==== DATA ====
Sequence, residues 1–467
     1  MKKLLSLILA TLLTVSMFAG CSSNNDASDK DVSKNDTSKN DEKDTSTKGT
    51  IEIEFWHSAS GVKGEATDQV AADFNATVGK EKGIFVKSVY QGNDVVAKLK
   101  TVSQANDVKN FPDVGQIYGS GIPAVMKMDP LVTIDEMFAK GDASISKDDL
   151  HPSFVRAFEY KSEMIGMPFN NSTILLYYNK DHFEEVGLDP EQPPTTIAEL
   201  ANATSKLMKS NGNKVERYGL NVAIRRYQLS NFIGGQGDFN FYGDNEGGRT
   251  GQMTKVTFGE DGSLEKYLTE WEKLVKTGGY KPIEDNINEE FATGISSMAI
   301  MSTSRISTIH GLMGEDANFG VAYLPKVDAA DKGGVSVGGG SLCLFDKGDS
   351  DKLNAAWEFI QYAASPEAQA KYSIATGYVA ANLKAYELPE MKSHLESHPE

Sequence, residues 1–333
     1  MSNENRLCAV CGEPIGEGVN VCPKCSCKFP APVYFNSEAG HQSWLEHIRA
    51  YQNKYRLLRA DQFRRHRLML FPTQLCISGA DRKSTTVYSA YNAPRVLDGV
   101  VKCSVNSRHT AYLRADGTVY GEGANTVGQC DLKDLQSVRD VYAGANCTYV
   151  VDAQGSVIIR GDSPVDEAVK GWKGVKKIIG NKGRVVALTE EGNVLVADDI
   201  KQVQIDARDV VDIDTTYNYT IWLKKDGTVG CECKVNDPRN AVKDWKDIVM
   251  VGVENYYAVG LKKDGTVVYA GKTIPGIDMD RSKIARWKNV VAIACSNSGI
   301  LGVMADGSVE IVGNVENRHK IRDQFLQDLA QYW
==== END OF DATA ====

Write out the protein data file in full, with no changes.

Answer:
Sequence, residues 1–467
     1  MKKLLSLILA TLLTVSMFAG CSSNNDASDK DVSKNDTSKN DEKDTSTKGT
    51  IEIEFWHSAS GVKGEATDQV AADFNATVGK EKGIFVKSVY QGNDVVAKLK
   101  TVSQANDVKN FPDVGQIYGS GIPAVMKMDP LVTIDEMFAK GDASISKDDL
   151  HPSFVRAFEY KSEMIGMPFN NSTILLYYNK DHFEEVGLDP EQPPTTIAEL
   201  ANATSKLMKS NGNKVERYGL NVAIRRYQLS NFIGGQGDFN FYGDNEGGRT
   251  GQMTKVTFGE DGSLEKYLTE WEKLVKTGGY KPIEDNINEE FATGISSMAI
   301  MSTSRISTIH GLMGEDANFG VAYLPKVDAA DKGGVSVGGG SLCLFDKGDS
   351  DKLNAAWEFI QYAASPEAQA KYSIATGYVA ANLKAYELPE MKSHLESHPE

Sequence, residues 1–333
     1  MSNENRLCAV CGEPIGEGVN VCPKCSCKFP APVYFNSEAG HQSWLEHIRA
    51  YQNKYRLLRA DQFRRHRLML FPTQLCISGA DRKSTTVYSA YNAPRVLDGV
   101  VKCSVNSRHT AYLRADGTVY GEGANTVGQC DLKDLQSVRD VYAGANCTYV
   151  VDAQGSVIIR GDSPVDEAVK GWKGVKKIIG NKGRVVALTE EGNVLVADDI
   201  KQVQIDARDV VDIDTTYNYT IWLKKDGTVG CECKVNDPRN AVKDWKDIVM
   251  VGVENYYAVG LKKDGTVVYA GKTIPGIDMD RSKIARWKNV VAIACSNSGI
   301  LGVMADGSVE IVGNVENRHK IRDQFLQDLA QYW